Major UK deals recently announced

Cobham (£4bn, buyer Advent, US private equity)

EI Group (£1.3bn, TDR Capital, UK private equity)

Entertainment One (£3.3bn, Hasbro, US industrial)

Greene King (£2.7bn, CKA, Hong Kong property investor)

Just Eat (£5bn, Takeaway.com, Dutch fast-food rival)

Merlin (£4.8bn, Kirkbi, Danish Lego owner)


Moves in the exchange rate can make a big difference for corporate buyers in terms of their appetite for M&A. The sharp drop in sterling following the 2016 Brexit vote spurred a huge influx of M&A spending as the buying power of every dollar and euro was suddenly boosted.

If a company can move in and scoop up a rival or complementary business at a low price and then see a benefit as the target company rises in value in tandem with the currency it’s a win-win situation.

So any investor seeking stocks to buy as potential takeover targets, the goal is to find solid businesses with at least three quarters of their sales overseas, which thanks to the weakness of sterling or a short-term hiccup in trading are sitting at relatively attractive valuations for trade or financial buyers.

However, given the amount of money already chasing these kind of companies and the number which have already been snapped up, compiling the list isn’t easy.


Rather than just looking for companies which look cheap, we have screened the FTSE 350 for what we consider to be good companies which are either cheap due to the weak pound, or are trading at depressed levels due to temporary factors like a cyclical downturn or a company-specific problem which can be solved without too much drama.

We have also identified a group of companies which look cheap relative to the value of their assets and which could appeal to non-trade buyers looking for a purely financial return over the medium term.

A couple are turnaround stories and some have net cash on their balance sheets – which makes them even cheaper for a buyer as they can pocket the money.

The FTSE 250 performance looks a lot different in dollar terms

Performance since start of 2016:

In sterling: +11.7%

In dollars: -8.4%

About half of the FTSE 250 index contains UK-focused companies. The data shows that the index has become 8.4% cheaper in dollar terms, raising the prospect of good firms being taken over by foreign entities.


AGGREKO 790.4p

Market value: £2bn/$2.5bn

Net debt: £784m/$964m

Power-equipment rental firm Aggreko (AGK) is a truly global operation, doing business in weird and wonderful places across the globe from Bangladesh to Burkina Faso.

Its core business is providing power where it’s needed, when it’s needed, to keep the lights on. It has large exposure to the US, especially the energy sector, and is always busy during hurricane season when traditional power sources are knocked out.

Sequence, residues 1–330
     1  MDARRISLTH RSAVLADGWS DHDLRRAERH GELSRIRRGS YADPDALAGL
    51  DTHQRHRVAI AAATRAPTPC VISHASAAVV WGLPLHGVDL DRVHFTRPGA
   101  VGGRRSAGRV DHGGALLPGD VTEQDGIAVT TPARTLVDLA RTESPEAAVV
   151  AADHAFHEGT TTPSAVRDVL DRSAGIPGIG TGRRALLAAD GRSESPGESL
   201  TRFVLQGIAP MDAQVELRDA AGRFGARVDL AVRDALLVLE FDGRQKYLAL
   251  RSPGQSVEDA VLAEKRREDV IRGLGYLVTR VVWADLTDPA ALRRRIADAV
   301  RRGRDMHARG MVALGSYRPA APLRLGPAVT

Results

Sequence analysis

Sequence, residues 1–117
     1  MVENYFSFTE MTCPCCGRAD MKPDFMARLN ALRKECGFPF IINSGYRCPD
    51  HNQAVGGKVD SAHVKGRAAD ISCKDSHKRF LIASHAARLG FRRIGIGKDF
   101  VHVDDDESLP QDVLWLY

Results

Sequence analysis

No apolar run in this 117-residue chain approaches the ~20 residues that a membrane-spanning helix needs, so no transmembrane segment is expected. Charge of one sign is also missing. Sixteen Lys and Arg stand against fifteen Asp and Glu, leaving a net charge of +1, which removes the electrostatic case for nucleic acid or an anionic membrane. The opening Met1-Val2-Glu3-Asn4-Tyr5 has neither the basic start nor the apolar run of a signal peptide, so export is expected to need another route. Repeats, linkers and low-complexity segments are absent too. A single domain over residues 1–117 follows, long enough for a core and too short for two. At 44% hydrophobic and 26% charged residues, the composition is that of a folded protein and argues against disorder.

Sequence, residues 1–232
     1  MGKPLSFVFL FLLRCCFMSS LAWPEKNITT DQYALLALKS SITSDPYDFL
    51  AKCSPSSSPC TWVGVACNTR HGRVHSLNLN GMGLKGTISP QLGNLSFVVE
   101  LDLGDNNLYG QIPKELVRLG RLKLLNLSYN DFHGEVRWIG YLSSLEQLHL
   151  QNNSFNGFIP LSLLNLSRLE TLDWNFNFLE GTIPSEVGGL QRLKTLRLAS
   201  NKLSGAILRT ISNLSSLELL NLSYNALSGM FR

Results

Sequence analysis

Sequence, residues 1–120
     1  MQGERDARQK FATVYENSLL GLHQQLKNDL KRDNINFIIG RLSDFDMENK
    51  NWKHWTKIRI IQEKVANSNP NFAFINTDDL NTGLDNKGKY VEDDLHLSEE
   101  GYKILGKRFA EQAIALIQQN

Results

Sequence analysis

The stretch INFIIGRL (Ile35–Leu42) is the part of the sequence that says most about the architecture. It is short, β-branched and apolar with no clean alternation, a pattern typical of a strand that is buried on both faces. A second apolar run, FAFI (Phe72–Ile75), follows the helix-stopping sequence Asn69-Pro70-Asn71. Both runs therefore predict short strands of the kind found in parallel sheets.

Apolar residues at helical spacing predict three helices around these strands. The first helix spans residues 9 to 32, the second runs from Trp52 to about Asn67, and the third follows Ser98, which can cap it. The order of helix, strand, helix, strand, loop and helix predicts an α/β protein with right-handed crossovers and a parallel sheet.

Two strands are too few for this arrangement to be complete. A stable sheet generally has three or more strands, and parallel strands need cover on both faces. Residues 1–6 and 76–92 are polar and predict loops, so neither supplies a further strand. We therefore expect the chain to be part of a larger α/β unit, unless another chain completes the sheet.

In its heyday it enjoyed returns on capital employed (ROCE) of over 20%. Today returns are more like 10%, but thanks to cost-cutting and a dwindling proportion of sales to the utility sector – which is low-margin and where some of its customers are cash-strapped – it is targeting a mid-teens ROCE in 2020.

The balance sheet is better than it was, although net debt is close to £800m, and it is a capital-intensive business with new projects typically requiring an upfront investment.

It has invested heavily in more eco-friendly equipment, and the trend towards greener energy in emerging markets, where there is large structural power deficit, means there is still significant growth potential.

This looks like a classic takeover target for a foreign entity – a solid business going cheap.


Market value: £2.6bn/$3.2bn

Net cash: £105m/$130m

Precision-measurement manufacturer Renishaw (RSW) earns 95% of its revenue outside the UK, operating across 81 locations in 36 countries.

Its tools are used in a range of industries from electronics and healthcare to transport, contributing to the development of products from smart phones to dental implants and jet engines.

Headwinds in the Asia-Pacific region (43% of sales), especially smart phones, led to a profit warning in late March since when the company has lost over 10% of its market value.

Renishaw has been through similar ‘bumps in the road’ before and the quality of the business usually shines through. Return on capital employed is currently 15% but has averaged more than 20% over the last five years.

The weakness of sterling means that a US buyer could acquire the company for 50% below the peak price seen in January 2018. Meanwhile earnings per share are slated to grow by 11% and 15% for the next two years according to analyst forecasts compiled by Reuters.